Paula prayed - and I know she did because I felt haunted by her prayers - every day that I would find a person that could take care of me, know me, love me for me. She knew me better than anyone and I'm sure she saw the morbid inner monologue I had written plainly across my face painted with loneliness. So... when Andy and I entered the Timpanogos Temple sealing room, I looked at her first and she was a wreck! What a relief. The younger sister could relax and stop worrying about the older sister now, though I have a feeling she cried more than I did after Noah died.  I never wanted my miscarriages to define me or to make my sisters feel bad that they filled their homes with amazing kids. They didn't. They brought babies into the world and they have created and shaped that investment with sacrifice and hard work. And in a way, that's what I do too. I just get to let other people pay for their phones, college and car wrecks.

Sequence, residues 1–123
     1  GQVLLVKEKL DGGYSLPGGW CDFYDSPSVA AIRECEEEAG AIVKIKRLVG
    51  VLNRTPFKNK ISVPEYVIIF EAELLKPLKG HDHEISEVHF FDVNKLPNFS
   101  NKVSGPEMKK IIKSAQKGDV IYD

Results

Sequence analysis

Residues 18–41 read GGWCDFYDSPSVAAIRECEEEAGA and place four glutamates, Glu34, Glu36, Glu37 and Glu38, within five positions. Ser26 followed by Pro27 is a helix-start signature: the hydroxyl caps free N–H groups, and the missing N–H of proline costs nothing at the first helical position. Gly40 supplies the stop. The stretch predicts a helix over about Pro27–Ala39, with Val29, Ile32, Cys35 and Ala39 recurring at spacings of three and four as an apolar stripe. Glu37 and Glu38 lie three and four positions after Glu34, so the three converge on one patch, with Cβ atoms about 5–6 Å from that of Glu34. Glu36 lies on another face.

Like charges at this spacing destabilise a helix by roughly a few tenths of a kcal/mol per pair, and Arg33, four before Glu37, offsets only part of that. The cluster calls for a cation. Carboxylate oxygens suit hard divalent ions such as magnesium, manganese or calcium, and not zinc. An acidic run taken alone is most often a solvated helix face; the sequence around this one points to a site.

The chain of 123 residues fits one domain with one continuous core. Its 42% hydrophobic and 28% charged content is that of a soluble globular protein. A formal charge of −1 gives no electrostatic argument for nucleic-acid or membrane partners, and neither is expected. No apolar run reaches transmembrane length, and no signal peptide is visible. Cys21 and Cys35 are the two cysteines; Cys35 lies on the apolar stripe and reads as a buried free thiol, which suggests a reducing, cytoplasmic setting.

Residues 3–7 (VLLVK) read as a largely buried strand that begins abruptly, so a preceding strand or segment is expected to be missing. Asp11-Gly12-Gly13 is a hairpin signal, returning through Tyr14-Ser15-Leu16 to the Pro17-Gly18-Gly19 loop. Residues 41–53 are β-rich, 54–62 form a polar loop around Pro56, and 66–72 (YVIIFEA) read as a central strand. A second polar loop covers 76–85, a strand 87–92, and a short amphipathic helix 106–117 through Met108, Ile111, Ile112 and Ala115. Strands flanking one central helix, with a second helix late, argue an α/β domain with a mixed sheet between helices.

THIS is a gorgeous family inside and out.
“I want to do something splendid...something heroic or wonderful that won't be forgotten after I'm dead. I don't know what, but I'm on the watch for it and mean to astonish you all someday.” ― Louisa May Alcott, Little Women


Everything about Paula's life seemed so perfect and Mormon orderly to me. Mission, husband, house, kids. I know she's not perfect, but she's darn close. She wanted to be a journalist, to travel and maybe broadcast the news or have a talk show. But that all had to wait. She worked to help put her husband through school and didn't go back for her degree until her kids were all in school themselves. Some would say that sacrifice was too much, too old-fashioned, archaic even. UNLESS YOU KNOW THESE KIDS. Then you would say "what an incredible investment! So smart! Why don't more people do that?!"